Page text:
Prime Minister Boris Johnson on Wednesday downplayed the prospect of triggering a UK trade war with the EU by threatening to pull post-Brexit arrangements in Northern Ireland, despite European warnings that he risks breaching international law.
Johnson said London and Brussels must “fix” the so-called Northern Ireland Protocol which governs trade to and from the British province, but that both sides should keep a sense of proportion.
“We’re talking about really, in the scheme of things, a very, very small part of the whole European economy,” he told reporters during an unrelated visit to Sweden and Finland.
“Let me put it this way: I don’t think there’s any need for drama. This is something that just needs to be fixed.”
Johnson’s government has warned it is ready to take unilateral action “to stabilise the situation in Northern Ireland if solutions cannot be found” to key sticking points with the protocol.
Ministers have argued that it does not command cross-community support and that London needs to protect the 1998 Good Friday Agreement, which ended three decades of sectarian violence over British rule in Northern Ireland.
But the European Union has repeatedly ruled out renegotiating the terms of the deal.
The standoff comes as political tensions rise in Belfast after historic elections last week saw pro-Irish nationalists Sinn Fein become the biggest party for the first time and now bidding to lead a power-sharing executive.
However, the latest UK threats to overhaul the arrangements unilaterally have caused consternation in Brussels, Ireland’s foreign minister Simon Coveney said as he met Northern Irish leaders.
– ‘Compromise’ –
Coveney said this week’s statements had “gone down really badly across the European Union” and rejected British claims that Brussels was being inflexible over its implementation.
“The (European) Commission has been showing a willingness to compromise,” he told reporters.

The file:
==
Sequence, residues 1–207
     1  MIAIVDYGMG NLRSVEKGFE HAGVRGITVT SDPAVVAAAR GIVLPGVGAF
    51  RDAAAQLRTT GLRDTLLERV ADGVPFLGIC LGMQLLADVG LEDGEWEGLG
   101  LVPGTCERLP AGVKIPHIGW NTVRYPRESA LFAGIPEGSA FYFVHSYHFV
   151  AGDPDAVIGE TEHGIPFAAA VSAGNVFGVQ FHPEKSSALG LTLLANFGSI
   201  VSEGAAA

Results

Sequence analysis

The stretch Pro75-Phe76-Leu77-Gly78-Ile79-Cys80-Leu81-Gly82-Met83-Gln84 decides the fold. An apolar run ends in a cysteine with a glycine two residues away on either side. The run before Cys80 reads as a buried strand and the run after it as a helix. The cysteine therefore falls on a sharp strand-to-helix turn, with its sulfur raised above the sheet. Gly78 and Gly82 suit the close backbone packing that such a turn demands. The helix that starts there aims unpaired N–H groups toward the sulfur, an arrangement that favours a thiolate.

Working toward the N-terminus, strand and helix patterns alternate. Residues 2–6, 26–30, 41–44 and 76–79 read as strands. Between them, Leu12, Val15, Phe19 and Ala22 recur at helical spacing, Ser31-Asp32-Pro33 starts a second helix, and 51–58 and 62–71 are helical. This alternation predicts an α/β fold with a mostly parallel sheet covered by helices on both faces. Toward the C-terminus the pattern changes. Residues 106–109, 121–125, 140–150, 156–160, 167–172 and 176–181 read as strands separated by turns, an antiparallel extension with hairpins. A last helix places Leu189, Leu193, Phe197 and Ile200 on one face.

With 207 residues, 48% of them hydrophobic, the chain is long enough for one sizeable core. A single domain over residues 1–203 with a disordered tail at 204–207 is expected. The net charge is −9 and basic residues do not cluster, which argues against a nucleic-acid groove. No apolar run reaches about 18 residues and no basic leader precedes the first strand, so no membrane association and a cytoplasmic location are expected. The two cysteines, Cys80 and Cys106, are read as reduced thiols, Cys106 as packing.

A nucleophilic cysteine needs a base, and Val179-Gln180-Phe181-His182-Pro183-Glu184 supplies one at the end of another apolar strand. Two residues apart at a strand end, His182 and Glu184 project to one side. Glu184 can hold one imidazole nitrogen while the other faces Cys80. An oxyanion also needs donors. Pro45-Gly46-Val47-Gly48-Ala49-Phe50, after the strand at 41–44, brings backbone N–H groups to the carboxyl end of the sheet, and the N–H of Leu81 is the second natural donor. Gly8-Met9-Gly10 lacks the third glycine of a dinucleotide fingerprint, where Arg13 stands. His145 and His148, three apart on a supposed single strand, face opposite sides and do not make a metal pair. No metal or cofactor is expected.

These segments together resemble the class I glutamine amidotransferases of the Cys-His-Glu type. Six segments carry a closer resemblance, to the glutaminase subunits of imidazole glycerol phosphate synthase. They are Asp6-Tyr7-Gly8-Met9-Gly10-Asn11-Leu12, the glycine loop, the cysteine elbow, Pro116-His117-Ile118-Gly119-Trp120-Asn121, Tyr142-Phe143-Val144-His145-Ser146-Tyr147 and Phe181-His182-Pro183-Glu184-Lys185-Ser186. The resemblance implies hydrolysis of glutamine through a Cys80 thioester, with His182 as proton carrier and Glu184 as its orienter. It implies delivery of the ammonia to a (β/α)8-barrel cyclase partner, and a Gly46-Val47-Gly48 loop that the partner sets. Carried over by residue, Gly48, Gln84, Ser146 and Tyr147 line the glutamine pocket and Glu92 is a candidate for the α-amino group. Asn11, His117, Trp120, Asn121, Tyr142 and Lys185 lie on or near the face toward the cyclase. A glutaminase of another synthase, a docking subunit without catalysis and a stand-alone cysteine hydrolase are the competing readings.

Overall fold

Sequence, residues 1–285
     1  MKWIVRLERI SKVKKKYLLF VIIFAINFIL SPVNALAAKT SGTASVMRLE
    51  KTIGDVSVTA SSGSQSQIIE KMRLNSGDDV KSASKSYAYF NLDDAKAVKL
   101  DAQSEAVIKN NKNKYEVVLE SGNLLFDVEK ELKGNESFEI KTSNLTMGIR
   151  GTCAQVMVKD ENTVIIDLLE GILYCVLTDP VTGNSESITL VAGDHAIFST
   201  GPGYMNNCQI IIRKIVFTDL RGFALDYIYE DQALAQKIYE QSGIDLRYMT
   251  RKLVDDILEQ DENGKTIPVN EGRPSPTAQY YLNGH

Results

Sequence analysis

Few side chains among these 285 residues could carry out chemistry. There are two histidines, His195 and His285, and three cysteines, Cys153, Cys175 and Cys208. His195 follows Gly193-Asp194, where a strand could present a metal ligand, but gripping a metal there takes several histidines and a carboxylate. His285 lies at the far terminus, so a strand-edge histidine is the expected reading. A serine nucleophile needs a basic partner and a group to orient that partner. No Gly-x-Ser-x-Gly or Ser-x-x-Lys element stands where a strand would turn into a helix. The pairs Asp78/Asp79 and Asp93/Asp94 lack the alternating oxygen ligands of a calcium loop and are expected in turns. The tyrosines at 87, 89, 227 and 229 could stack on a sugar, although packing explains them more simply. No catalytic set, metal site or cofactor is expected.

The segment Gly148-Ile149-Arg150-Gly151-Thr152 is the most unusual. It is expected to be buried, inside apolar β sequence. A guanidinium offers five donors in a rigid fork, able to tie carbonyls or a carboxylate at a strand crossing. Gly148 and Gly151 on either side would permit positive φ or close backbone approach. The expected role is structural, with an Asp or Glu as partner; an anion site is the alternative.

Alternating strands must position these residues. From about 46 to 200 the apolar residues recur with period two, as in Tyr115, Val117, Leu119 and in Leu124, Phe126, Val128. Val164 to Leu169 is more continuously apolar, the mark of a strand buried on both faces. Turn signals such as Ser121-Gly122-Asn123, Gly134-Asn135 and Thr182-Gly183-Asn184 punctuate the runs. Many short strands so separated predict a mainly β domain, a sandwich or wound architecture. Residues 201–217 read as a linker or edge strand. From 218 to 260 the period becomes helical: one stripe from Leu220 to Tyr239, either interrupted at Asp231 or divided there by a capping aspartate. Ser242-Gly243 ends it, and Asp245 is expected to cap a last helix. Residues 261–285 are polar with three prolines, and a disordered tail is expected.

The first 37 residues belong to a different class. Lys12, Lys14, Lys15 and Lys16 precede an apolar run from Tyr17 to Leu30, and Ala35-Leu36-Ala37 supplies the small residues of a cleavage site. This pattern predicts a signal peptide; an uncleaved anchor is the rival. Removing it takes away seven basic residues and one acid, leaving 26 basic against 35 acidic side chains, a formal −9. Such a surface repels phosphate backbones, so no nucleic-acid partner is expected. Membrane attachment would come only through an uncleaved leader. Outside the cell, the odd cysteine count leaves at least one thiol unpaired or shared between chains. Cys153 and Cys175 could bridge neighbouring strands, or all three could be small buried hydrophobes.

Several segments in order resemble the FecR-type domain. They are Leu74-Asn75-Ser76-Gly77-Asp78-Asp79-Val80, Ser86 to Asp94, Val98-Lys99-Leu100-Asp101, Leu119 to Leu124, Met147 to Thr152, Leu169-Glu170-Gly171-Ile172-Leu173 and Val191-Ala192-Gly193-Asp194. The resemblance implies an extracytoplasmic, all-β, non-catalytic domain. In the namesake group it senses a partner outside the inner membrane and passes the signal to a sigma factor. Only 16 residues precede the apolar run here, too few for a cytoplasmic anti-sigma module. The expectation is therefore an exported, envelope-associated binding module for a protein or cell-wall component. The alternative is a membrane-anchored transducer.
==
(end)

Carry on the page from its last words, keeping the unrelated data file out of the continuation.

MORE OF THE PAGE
“What they are hearing and seeing from London is a rejection of that approach, towards a breach of international law.”
The protocol was signed separately from the Brexit trade deal between London and Brussels because Northern Ireland has the country’s only land border with the EU.
It keeps the province largely in the European single market and customs union but mandates checks on goods coming from Great Britain — England, Scotland and Wales.
The checks are designed to prevent a return to a hard border between Northern Ireland and EU member Ireland, which was a flashpoint in the years of violence.
But the pro-UK Democratic Unionist Party (DUP) say by creating a de facto border in the Irish Sea, Northern Ireland risks being cut adrift from the rest of the UK.
The party is refusing to join a new power-sharing government in Belfast until the protocol is scrapped or overhauled.
Sinn Fein’s Michelle O’Neill, who is set to be Northern Ireland’s first nationalist first minister after elections last week, said after meeting Coveney: “The protocol is here to stay.
“There are ways to smooth its implementation, and we are certainly up for that, but the rhetoric from the British government in the last number of days is serving only to pander to the DUP,” she said.